- Quick Search
- Advanced Search
|1.||Queen of the Borrowed Light|
|2.||Face in a Night Time Mirror - Part I|
|3.||Face in a Night Time Mirror - Part II|
|4.||(A Shimmering Radiance) Diadem of Twelve Stars|
Review for 'Wolves in the Throne Room - Diadem of Twelve Stars'
Upon first hearing the name Wolves In The Throne Room, you may be tempted to guess what style of Black Metal this curiously named band plays. If you were guessing something along the lines of a brilliant and atmospheric form of Pagan Black Metal that summons the listener to the barely surviving ruins of some ancient mountain stronghold long since overgrown by the vast forest that surrounds it, revolving around themes of nature and sorrow, then you guessed correctly.
Chances are you may have already heard one or more songs by Wolves In The Throne Room before, as they tend to feature regularly in even the most generic of crappy metal magazines and have gained much attention and "hype" due to this, but don't let that put you off, because Wolves In The Throne Room live up to their hype and beyond, while unfortunately the same can most definately not be said about the vast majority of other Black Metal bands that feature regularly in so-called "Metal" magazines.
The reason for their hype and prevalent appearance in these magazines is a combination of their accessibility, their apparently "new" take on Black Metal, their typically North American band name, and also probably due to the fact that they live in some exclave in the most northwestern parts of the state of Washington, which for some bizarre reason is a fact that all the magazine-consuming kiddies take great pleasure in repeating to each other to prove their knowledge of the extreme metal scene... or something.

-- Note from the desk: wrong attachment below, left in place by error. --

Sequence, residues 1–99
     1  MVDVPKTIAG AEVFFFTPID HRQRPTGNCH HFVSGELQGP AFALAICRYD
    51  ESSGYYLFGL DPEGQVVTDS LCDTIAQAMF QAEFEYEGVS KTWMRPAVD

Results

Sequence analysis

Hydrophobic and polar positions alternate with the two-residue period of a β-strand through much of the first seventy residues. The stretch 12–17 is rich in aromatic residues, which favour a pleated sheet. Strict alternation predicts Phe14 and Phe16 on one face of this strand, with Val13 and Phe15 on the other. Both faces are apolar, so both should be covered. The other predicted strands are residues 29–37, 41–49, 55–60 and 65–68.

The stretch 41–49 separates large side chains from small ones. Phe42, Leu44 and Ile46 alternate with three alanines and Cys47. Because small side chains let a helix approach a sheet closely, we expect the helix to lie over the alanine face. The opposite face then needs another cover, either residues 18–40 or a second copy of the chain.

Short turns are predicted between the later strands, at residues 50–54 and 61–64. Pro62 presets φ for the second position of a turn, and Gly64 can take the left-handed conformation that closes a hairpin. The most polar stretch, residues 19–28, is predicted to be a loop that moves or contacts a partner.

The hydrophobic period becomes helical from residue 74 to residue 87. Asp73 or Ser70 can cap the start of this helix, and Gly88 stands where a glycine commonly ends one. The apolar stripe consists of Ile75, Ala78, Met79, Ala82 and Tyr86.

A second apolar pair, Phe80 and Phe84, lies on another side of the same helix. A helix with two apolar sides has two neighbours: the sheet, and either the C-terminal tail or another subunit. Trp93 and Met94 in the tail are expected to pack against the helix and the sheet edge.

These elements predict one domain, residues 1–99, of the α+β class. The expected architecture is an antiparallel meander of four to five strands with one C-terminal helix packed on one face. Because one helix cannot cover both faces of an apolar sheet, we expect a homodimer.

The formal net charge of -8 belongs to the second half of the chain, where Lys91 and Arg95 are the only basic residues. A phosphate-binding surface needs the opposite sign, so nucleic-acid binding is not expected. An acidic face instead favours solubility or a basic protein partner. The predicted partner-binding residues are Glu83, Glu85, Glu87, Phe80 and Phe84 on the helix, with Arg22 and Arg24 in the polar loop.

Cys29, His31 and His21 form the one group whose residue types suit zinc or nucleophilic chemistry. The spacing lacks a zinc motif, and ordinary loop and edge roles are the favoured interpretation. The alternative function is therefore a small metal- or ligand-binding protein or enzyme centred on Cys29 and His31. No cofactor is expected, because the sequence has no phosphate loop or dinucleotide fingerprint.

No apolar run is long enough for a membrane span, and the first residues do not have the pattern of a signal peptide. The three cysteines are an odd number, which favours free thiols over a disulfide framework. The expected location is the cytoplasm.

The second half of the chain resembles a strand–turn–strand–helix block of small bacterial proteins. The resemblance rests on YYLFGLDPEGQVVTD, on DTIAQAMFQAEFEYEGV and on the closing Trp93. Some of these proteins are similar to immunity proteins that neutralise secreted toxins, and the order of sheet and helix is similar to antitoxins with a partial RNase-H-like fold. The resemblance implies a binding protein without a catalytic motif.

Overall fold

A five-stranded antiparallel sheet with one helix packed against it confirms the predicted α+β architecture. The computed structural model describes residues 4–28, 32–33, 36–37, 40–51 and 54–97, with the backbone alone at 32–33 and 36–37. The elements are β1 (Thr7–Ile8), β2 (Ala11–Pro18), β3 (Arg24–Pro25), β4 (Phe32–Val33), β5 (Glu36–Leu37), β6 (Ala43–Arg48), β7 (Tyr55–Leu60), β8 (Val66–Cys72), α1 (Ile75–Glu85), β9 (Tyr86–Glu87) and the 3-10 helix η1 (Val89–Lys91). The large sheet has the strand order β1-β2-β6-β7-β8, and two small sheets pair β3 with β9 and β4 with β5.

Back to reality, the reason for their success within the realm of real metal is the simple fact that their music is inspiring, beautiful and downright excellent, in much the same way that Mayhem's De Mysteriis Dom Sathanas musically lives up to it's infamous hype, and beyond.
Wolves In The Throne Room was formed in 2003 in Olympia, Washington, by brothers Aaron Weaver and Nathan Weaver, and Diadem Of 12 Stars is their first full length album, released in 2006 following a couple of demos that were produced between 2004 and 2005. Suffice to say, they couldn't have started their career in a better way, as Diadem Of 12 Stars is a magnificent album in every sense of the word. It consists of four tracks, with the first three tracks being roughly 14 minutes in length each, and the fourth track just surpassing the 20 minute mark.
The sheer length of each track allows Wolves In The Throne Room to take their time at building up the atmosphere of each song without having to rush anything, while bathing the listener in nothing but trance-inducing riffs. The themes around which Wolves In The Throne Room's music revolves, basically nature, shamanism and melancholy, coupled with the length of the songs, sets the scene perfectly for a Pagan Black Metal album of epic proportions. Imagine Burzum's Hvis Lyset Tar Oss, smooth out the rough parts, add an extra layer of guitars and a range of slightly softer vocal styles and give it a slighly more peaceful vibe. What you have left is Diadem Of 12 Stars. Perfect.
Diadem Of 12 Stars begins with "Queen Of The Borrowed Light", and you can tell right from the first few moments exactly how the whole album is going to sound, but this is by no means a bad thing. It's actually reassuring, as knowing very well that you are going to enjoy every second of an album after hearing only the first few moments isn't something that every band can pull off. The sound in question is a very pleasant mixture of tremolo guitars, slightly muffled drums, and a fuzzy production that all give off a feeling of being in the middle of a distant rainy forest (but not exactly a rainforest), with the sun hidden by the thick mist that covers the surrounding cliffs. The atmosphere on this album is impossible to ignore.